Tuesday, September 7, 2010

Pentax Spotmatic, the race to offer it for free began yesterday

Quite often, I get an extra film camera or two thrown in on an auction or flea-market sale. The seller tries to sweeten the pot and it always works with me. Something for nothing. I think nothing of it at the time. I do now.

The Spotmatic offered ground-breaking technology in 1964
That's how I came to have a very nice Pentax Spotmatic with an equally nice Super Multi-Coated Takumar 50mm f/1.4 lens. It came with a camera that I was really after. The seller reached down and offered the Spotmatic as a deal-maker. It worked. The Asahi offered was without a case, caps or battery. In fact, the battery door is dinged so badly that the electrical contacts for the meter are severed. No matter, this old guy will work without a battery. I had to have it only because it was "free" to me.

The Spotmatic is one of the legendary "first" type cameras for some very familiar technology. The lens is stellar and always proved to be sharper than the film that was available, then or now.

But I turns out I don't need to own two Spotmatics. I have another, purchased on its own, that is in slightly better shape and has the same exact lens. Clones so to speak, of each other. So I decided to sell one on a major online free bulletin board. Has a guy's first name listed in the domain name. No big deal, done this many times before.

As I didn't really pay a lot for it (OK, free), I thought asking for $20 would be a fine low price to generate a quick sale. In that way, I would pass forward a great vintage camera, cover my time marketing it, and get some cash for a nice lunch somewhere.

Nope.

Even at a sawbuck, the only folks that were interested wanted to score on a pristine model and at an even lower price. Some wanted me to cut the price by half and drive the goods over to their house. A couple folks really only wanted the lens and thought it should go for less than the price of the complete set. I got emails asking about tiny aspects of condition and operation.  I was waiting for someone to have me place the lens in a petri dish to test and see if any mold grew.

Hey, it's only 20-bucks! It costs less than some stupid Blu-Ray vampire DVD at Wal-Mart. Is that a lot of money nowadays? I guess for excellent vintage camera equipment, it's becoming that way.

I shouldn't, I can't get mad, though. I've caught myself getting all giddy scoring on someone else's old camera for a few dollars. I've been the predator, too.

So, I've learned two things I'll apply to my collecting: first, don't accept any camera you don't want to live with forever, even if its free; second, when you and your fellow collectors are helping to actively drive down the price of scarce vintage pieces, it's time to carefully re-evaluate your base reasons to participate in collecting and the motives of your fellow collectors. The word "hoarding" is beginning to rear its ugly head with some of us. That scares me to the bone.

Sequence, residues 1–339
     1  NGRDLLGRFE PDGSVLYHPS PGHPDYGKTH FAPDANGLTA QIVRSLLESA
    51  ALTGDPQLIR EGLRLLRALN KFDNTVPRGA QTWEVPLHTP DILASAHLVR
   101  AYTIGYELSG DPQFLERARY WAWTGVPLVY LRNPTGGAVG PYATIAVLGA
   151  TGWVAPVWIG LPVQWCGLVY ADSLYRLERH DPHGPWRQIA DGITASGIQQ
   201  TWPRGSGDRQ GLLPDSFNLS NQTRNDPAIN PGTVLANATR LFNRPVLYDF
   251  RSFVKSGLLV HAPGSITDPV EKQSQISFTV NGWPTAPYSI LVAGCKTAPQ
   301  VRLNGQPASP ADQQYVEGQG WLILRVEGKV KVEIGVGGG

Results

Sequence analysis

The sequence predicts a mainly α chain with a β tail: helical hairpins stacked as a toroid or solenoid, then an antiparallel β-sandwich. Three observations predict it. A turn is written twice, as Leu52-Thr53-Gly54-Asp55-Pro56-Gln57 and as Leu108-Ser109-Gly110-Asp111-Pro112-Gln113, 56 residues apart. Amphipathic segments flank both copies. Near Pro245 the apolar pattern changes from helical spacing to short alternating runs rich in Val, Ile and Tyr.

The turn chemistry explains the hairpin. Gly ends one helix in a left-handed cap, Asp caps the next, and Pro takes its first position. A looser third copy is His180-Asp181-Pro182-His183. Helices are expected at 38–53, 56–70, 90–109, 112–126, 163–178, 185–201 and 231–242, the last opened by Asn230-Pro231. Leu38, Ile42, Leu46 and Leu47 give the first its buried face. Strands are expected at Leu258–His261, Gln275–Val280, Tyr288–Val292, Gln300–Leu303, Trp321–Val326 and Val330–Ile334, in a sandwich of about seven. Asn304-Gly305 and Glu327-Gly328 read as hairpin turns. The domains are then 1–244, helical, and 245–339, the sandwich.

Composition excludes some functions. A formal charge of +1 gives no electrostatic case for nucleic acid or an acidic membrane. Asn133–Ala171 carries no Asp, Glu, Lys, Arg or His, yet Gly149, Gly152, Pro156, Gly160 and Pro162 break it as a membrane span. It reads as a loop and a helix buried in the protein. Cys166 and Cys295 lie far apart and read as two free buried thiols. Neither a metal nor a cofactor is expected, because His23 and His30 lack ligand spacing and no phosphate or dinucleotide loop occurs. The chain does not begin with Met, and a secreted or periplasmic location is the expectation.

I won't sell this camera for less than what I've got it listed at. If no takers, it goes to Goodwill with my blessing. Farewell little Asahi. Go, be free, be free!

Monday, September 6, 2010

In fact, they DON'T build things like they used to, at least at Nikon

I just threw my third Nikon Coolpix digital camera in the kitchen garbage can. It was one of our family take-along cameras. Took the rechargeable battery out and tossed it in there right on top of last night's cassarole scraps. After using Nikons since the mid-1970's, I'm done with this brand.

This little red point and shoot camera suffered the same damage as the other two similar Nikons, broken rear screens. It ended its usefulness to me not by being dropped, not from a sudden impact, not from freezing, boiling, radiation, or bad thoughts. Its screen simply broke as I carried it in its protective, soft foam-insulated case to a family gathering.  Just like what happened to the other two (different models purchased over three years apart).

The cost of repair being too high in comparison to purchasing new, I'm once again electing to fill my local landfill with busted electronics and left to consider acquiring another eventual candidate for disposal under my kitchen sink. 

There are ten old film camera Nikons sitting on my collection shelves right now. Any one of which has withstood some harsh shooting environments over many years. I've done weddings with one, photo-journalism with another. At no time did I every worry that these cameras could be damaged by simply holding it. Nikon enjoyed a well-earned reputation for heavy-duty reliability. That ended when I shut the cabinet door under my sink.

Here's the part where I rant like an old guy. How did this happen? How did Nippon Kogaku go from the top of the mountain of photographic status and preference to the pits of crappy commodity hell? Money. 
Welcome to the global marketplace. Over six billion people on the planet and only one country and perhaps six manufacturing facilities in that country are producing goods just barely functional enough to operate but made by enough exploited labor to generate scads of profit for the eventual marketers of those products.

(Sigh) We're all to blame, including me. We want too many things too soon to pay for better things that last. I bought those disposable little Nikons 'cause I wanted a good camera cheap. And I wanted the name and the nostalgia of the brand. Well, I guess you can't have it all. Proved that.

I still need a small digital camera to take to personal events. I'll buy a used one for now. I'll save my money, do my research and buy a better camera that I intend to keep and use for a very long time. My wife's pocket-sized digital camera is a Canon. It has been dropped, frozen, jangled in her purse and soaked with rain. It's never failed to work. I'll start there. Hopefully, whatever I end up with won't wind up covered with potato peels and coffee grounds again.